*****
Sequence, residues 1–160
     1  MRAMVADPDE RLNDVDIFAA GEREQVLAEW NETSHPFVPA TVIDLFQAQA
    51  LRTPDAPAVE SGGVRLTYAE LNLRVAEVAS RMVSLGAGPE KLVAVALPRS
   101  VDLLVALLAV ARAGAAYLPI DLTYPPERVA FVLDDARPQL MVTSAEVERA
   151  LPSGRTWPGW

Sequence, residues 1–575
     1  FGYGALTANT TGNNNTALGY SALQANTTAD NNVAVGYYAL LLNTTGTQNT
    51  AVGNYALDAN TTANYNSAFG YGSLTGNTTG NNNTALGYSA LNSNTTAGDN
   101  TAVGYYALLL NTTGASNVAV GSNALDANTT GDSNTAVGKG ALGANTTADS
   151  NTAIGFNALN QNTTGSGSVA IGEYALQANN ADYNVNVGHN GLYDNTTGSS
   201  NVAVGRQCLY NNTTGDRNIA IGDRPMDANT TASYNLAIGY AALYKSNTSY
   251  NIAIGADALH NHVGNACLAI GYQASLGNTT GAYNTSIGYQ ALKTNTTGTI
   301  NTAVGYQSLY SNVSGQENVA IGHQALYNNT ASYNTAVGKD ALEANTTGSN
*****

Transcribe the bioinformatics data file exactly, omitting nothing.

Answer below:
Sequence, residues 1–160
     1  MRAMVADPDE RLNDVDIFAA GEREQVLAEW NETSHPFVPA TVIDLFQAQA
    51  LRTPDAPAVE SGGVRLTYAE LNLRVAEVAS RMVSLGAGPE KLVAVALPRS
   101  VDLLVALLAV ARAGAAYLPI DLTYPPERVA FVLDDARPQL MVTSAEVERA
   151  LPSGRTWPGW

Sequence, residues 1–575
     1  FGYGALTANT TGNNNTALGY SALQANTTAD NNVAVGYYAL LLNTTGTQNT
    51  AVGNYALDAN TTANYNSAFG YGSLTGNTTG NNNTALGYSA LNSNTTAGDN
   101  TAVGYYALLL NTTGASNVAV GSNALDANTT GDSNTAVGKG ALGANTTADS
   151  NTAIGFNALN QNTTGSGSVA IGEYALQANN ADYNVNVGHN GLYDNTTGSS
   201  NVAVGRQCLY NNTTGDRNIA IGDRPMDANT TASYNLAIGY AALYKSNTSY
   251  NIAIGADALH NHVGNACLAI GYQASLGNTT GAYNTSIGYQ ALKTNTTGTI
   301  NTAVGYQSLY SNVSGQENVA IGHQALYNNT ASYNTAVGKD ALEANTTGSN